Jennifer Ling Datchuk’s installation, Love Yourself Long Time (2019), similarly deals with cultural translation and racialized Asian labor. Twisting a famous racist line from Stanley Kubrick’s Full Metal Jacket (1987), Datchuk transforms a Vietnamese sex worker’s “Me love you long time” into “Love yourself long time.” This phrase is inscribed on a red doormat, alongside its Chinese translation, “永遠自愛.” Printing the phrase on a tawdry, red doormat—which is a common decoration at a Chinese restaurant’s entrance—implies the derogatory association of commodities “made in China”. Now with a self-encouraging tone, Datchuk’s work turns a caricature of sexualized and commodified Asian labor into a moment of self-determinism.

Charlene Liu, China Palace, 2023. Installation views, Another Beautiful Country, USC Pacific Asia Museum, Pasadena, January 26, 2024–April 21, 2024. Photo: Hsin-Yun Cheng.

As suggested in Liu’s installation, the exhibition draws on the prominent role that matrilineal relationships play in many Chinese American families, especially as represented in popular culture. For example, contrasting the moments of contradictions and conciliations, Vivian Wenli Lin’s The Joy Luck Mom Club: Untold Narratives of Migration (2023) reveals the Chinese cultural convention that mothers educate their daughters to “swallow misery of others” and carry the family’s burden. Lin’s film juxtaposes clips from Wayne Wang’s wildly popular film 1993 The Joy Luck Club and interviews of second-generation daughters with conversations between the artist and her grandmother. The film shows how mother-daughter conflicts can paradoxically create intimacy, and then lead to understanding and reconciliation later in life. Patty Chang’s videos Invocations (2013) and Que Sera Sera (2013) also address affect and intergenerational relationships.4 The encounter between the artist’s dying father and her newborn son dramatizes the liminal passing of life. Chang’s mother’s incantation of various emotions and uncanny states expresses the evanescence of life and the irreducibility of affect.

Patty Chang, Que Sera Sera (left), 2013; Invocations (right), 2013. Installation view, Another Beautiful Country, USC Pacific Asia Museum, Pasadena, January 26, 2024–April 21, 2024. Photo: Hsin-Yun Cheng.

Patty Chang, Que Sera Sera (left), 2013; Invocations (right), 2013. Installation view, Another Beautiful Country, USC Pacific Asia Museum, Pasadena, January 26, 2024–April 21, 2024. Photo: Hsin-Yun Cheng.

From my perspective, tracing familial lineages serves as a microscopic method to grapple with one’s cultural identity, which challenges the grand narrative of history. Richard Fung and Simon Leung’s works exemplify two different approaches to this problem. Fung’s essay film, The Way to My Father’s Village (1988), unrolls the process by which Fung excavates the childhood and migratory stories of his father who emigrated from Southern Guangdong to Trinidad. The heterogeneous sources for the film—including immigration paper documents, documentary footage, and an interview between the artist’s relatives—evince the complexity of understanding individual migrants’ experiences. In a different vein, Leung’s Family/Archive (2023) retells the stories of his great-great-grandfather, Wong Kai Kah, who was one of the first group of government-detached Chinese students studying in the United States in the late nineteenth century. Leung’s examination of ancestors’ photography and related newsletters demonstrates how Asian people were stereotypically depicted at that historical moment. Leung’s interpretation of family photos narrates an alternative self-genealogy, collapsing the gap between the intimate and the objective history.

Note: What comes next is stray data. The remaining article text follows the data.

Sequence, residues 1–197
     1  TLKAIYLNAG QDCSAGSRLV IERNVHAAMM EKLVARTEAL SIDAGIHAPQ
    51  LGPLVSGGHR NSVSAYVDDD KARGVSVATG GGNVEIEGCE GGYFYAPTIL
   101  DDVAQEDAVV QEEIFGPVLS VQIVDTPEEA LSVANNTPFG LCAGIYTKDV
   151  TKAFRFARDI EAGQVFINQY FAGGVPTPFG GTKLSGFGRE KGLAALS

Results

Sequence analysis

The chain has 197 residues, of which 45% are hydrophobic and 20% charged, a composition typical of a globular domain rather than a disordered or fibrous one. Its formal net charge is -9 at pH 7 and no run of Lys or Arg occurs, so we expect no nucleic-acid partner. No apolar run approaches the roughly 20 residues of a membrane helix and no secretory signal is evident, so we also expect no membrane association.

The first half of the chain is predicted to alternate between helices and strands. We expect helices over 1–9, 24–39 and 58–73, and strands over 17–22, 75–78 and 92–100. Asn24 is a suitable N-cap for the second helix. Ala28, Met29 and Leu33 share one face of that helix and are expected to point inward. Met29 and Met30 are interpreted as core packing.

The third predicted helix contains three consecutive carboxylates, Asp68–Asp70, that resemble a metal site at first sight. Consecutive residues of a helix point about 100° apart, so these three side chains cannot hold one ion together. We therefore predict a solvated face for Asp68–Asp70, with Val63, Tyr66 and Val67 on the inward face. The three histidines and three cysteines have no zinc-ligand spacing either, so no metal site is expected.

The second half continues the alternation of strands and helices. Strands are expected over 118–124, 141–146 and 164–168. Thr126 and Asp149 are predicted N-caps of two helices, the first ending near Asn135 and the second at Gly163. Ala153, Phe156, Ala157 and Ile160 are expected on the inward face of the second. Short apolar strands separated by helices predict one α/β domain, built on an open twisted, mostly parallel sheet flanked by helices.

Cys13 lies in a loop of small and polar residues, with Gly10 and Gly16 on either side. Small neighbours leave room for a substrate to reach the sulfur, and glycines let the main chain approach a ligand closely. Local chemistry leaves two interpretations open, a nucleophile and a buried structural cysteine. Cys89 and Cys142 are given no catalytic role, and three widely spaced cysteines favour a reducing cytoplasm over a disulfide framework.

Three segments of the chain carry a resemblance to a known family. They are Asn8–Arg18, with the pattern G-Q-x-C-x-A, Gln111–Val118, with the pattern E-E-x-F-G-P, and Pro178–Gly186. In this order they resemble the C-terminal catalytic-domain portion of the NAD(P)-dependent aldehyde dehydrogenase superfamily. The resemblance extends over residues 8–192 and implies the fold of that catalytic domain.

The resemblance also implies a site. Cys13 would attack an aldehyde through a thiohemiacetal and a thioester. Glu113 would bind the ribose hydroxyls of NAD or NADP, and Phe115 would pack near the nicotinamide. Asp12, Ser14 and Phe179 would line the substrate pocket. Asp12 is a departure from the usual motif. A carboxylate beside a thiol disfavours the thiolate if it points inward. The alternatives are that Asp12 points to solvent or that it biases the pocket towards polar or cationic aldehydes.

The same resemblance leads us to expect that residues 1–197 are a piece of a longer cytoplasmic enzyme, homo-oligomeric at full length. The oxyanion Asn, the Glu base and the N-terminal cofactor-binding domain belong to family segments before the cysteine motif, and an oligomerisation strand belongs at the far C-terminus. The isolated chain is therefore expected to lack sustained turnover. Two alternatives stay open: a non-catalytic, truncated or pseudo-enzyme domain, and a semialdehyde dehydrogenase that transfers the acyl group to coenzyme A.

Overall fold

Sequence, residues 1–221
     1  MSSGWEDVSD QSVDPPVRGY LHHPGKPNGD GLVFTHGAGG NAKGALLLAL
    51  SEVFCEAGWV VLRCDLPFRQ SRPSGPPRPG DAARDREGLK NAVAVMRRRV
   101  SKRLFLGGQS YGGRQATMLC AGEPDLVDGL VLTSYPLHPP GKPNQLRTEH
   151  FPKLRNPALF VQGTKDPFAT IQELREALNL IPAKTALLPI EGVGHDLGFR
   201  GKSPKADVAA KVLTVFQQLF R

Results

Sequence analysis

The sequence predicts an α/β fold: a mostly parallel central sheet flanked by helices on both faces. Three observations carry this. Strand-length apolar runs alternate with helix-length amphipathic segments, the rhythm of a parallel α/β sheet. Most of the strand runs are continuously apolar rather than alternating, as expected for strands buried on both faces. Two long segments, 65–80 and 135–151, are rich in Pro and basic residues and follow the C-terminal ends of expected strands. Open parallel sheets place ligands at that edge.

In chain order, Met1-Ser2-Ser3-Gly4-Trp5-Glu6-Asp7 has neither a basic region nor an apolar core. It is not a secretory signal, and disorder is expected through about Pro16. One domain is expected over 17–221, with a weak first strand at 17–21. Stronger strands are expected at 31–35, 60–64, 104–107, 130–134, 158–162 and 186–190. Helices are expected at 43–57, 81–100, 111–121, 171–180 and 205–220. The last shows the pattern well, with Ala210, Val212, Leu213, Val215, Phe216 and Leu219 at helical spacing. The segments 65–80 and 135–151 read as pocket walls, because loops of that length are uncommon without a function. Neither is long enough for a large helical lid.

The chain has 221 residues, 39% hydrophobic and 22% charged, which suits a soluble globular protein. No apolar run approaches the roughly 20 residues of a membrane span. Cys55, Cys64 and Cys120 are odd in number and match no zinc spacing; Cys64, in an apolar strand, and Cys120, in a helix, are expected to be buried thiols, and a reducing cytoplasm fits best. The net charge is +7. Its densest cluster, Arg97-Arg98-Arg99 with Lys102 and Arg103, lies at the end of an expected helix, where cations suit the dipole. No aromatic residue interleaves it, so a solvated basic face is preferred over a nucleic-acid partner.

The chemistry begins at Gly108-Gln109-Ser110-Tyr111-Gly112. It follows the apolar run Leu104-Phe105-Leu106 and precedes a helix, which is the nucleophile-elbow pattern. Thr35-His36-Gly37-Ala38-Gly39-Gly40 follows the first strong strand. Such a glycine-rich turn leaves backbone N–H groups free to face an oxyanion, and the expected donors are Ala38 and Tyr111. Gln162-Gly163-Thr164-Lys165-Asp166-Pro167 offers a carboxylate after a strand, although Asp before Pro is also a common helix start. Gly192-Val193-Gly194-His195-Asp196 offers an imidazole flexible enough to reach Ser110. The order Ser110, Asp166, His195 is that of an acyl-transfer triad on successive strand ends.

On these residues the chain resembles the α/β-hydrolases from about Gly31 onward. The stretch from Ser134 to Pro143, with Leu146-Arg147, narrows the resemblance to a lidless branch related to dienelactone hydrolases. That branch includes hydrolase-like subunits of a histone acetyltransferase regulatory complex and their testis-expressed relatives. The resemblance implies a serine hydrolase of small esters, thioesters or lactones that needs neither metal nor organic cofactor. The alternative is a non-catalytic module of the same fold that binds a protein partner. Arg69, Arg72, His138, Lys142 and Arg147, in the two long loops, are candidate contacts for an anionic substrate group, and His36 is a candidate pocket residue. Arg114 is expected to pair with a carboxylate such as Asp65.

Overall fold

Richard Fung, The Way to My Father’s Village, 1988. Installation view, Another Beautiful Country, USC Pacific Asia Museum, Pasadena, January 26, 2024–April 21, 2024. Photo: Hsin-Yun Cheng.

Simon Leung, Family/Archive, 2023. Installation view, Another Beautiful Country, USC Pacific Asia Museum, Pasadena, January 26, 2024–April 21, 2024. Photo: Hsin-Yun Cheng.

Focusing on relation as a material and social process in history, Another Beautiful Country investigates individualized experiences through the lenses of transitional states and micro-histories of immigrant families. The heterogeneous path that artists took echoes Glissant’s idea of relation that “allow[s] each person to be there and elsewhere, rooted and open, lost in the mountains and free beneath the sea, in harmony and in errantry.”5 Moreover, the show’s emphases on montage (mending) and friendship suggest Chinese Americans’ self-reflective tendency. In recognizing the formation of social and cultural bonds, the show’s critical stance also resonates with Kandice Chuh’s famous proposition of imagining Asian American’s subjectivity “otherwise” and embracing “the ethicopolitical implications of multiple epistemologies.”6

Another Beautiful Country is on view at the USC Pacific Asia Museum, Pasadena, CA, until April 21, 2024.